By Hannah Johnston
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When I joined Georgia Southern’s Model Arab League (MAL) team, I was really just looking for a club where I could use some of the material I was learning in my classes and maybe make a few friends along the way. Like most new MAL members, I felt a little lost, between the piles of research and the rules of parliamentary procedure I started to think I had gotten myself into more than I originally thought. But by the time my first conference rolled around I felt confident and prepared thanks to the help of Emily Krout and all the other MAL veterans.
At that first conference in beautiful Tampa, Florida, my partner and I represented the small Gulf nation of Qatar. I knew very little about Qatar before preparing for the conference, but the research I conducted in preparation sparked my interest. Wow! What an interesting and unique State. I had to know more. But, what simple Google searches provide as far as information on the tiny nation truly only scratches the surface.
But wait, I’m getting off track, back to the conference. With the help of my partner, Granville Winkjer, we were awarded Outstanding Delegation for the Representation of Qatar. Cool, right? They gave us a very official certificate, commended us on our efforts, and sent us off back to Statesboro satisfied with our hard work, and ready to get started again next year. I didn’t think much else of it – at least until my faculty advisors submitted our names to the National Council on U.S. Arab Relations, which oversees the MALs across the country, among many other things, and I was given the opportunity to apply for a Study-Visit to Qatar. Which I thought was awesome enough by itself. Unconvinced I would ever be chosen for such an opportunity, I happily applied.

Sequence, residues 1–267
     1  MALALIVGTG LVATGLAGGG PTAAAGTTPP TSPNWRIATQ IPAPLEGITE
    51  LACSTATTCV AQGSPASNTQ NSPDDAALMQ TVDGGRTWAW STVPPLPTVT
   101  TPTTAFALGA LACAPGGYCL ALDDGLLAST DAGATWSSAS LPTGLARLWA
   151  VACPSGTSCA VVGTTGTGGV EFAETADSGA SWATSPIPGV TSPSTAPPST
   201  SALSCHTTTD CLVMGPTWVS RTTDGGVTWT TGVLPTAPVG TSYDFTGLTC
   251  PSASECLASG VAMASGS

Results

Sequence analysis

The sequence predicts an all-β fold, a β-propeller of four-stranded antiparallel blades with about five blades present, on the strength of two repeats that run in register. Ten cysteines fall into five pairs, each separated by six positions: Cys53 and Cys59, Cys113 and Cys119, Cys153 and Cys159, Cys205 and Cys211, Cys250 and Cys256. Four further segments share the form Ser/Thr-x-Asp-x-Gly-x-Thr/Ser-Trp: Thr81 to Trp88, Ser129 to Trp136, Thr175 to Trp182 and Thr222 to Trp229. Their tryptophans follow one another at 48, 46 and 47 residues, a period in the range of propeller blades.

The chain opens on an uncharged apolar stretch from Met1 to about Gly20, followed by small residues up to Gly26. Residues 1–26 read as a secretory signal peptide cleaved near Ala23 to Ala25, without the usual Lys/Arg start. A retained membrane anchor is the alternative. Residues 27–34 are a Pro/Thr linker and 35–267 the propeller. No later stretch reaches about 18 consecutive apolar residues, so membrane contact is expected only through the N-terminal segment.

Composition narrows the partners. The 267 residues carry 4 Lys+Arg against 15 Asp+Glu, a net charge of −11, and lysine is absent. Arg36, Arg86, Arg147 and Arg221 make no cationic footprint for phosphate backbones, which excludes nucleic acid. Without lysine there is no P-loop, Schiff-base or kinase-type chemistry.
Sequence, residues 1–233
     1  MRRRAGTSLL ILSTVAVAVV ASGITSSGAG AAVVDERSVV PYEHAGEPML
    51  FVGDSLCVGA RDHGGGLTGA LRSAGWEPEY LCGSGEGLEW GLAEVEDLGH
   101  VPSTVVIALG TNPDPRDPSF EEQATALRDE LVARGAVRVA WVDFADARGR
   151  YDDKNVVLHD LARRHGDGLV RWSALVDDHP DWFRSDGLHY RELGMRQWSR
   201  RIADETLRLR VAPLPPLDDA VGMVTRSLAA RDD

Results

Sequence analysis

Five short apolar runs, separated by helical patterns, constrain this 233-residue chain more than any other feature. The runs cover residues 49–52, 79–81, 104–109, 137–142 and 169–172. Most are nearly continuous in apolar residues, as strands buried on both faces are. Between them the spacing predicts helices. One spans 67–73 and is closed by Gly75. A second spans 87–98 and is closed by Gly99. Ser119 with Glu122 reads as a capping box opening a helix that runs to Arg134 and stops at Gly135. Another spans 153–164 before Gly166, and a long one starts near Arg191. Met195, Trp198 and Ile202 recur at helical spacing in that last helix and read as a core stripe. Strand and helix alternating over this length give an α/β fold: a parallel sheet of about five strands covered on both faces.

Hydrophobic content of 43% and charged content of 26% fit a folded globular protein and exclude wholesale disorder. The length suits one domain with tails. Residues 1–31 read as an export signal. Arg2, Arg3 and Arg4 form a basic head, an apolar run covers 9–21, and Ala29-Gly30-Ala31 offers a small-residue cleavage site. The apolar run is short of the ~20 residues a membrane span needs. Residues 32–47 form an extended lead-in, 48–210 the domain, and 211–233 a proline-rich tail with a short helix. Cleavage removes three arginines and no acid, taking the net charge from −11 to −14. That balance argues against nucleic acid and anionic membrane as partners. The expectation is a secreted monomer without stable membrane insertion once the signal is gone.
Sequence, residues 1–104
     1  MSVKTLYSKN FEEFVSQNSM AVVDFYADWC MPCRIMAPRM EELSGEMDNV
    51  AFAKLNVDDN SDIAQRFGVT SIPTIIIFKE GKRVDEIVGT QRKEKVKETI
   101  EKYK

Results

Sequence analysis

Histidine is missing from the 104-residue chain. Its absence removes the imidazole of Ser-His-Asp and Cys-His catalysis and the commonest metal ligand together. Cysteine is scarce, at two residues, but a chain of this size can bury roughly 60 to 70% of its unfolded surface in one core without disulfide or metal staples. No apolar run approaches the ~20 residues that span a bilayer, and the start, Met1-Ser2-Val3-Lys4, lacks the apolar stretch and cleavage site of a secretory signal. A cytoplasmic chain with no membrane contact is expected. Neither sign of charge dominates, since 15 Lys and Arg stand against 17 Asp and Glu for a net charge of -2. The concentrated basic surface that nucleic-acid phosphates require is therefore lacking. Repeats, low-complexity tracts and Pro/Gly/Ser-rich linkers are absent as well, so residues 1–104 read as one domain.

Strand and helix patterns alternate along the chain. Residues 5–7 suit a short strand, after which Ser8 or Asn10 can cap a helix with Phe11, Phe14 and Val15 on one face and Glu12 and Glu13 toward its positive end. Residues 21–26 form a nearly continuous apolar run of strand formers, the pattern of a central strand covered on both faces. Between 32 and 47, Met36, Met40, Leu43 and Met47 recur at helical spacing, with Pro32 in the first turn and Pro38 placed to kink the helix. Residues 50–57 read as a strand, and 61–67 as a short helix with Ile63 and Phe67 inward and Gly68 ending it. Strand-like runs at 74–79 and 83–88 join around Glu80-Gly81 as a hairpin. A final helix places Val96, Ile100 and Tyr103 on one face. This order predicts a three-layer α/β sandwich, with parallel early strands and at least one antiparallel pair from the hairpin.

And I was chosen. I think I might have screamed. First I called my mom, who immediately began researching travel tips and, of course, everything she could about Qatar. Then I ran (more of a sad jog or an impressive speed walk) to my professor’s office to tell him the news. Both Professors Salhi and Lubecki were elated. Dr. Lubecki would also be chosen to travel with me as a faculty advisor. I couldn’t wait. But I had to, at least until Thanksgiving Break, when our adventure would begin.
The National Council on U.S. Arab Relations would fly us out to Qatar at the beginning of Thanksgiving break, and we would return at the end of the week. During the visit, we met with dignitaries, government officials, military personnel and many other interesting Qatari individuals. We visited places of business, government facilities, religious sites, historical locations, gorgeous natural spaces and much more. But what would strike me the most about this fascinating nation, far beyond the wonders of architecture, the long and rich history of the country, and the interesting government policies that have been modernizing and progressing the nation through periods of trial, were the people.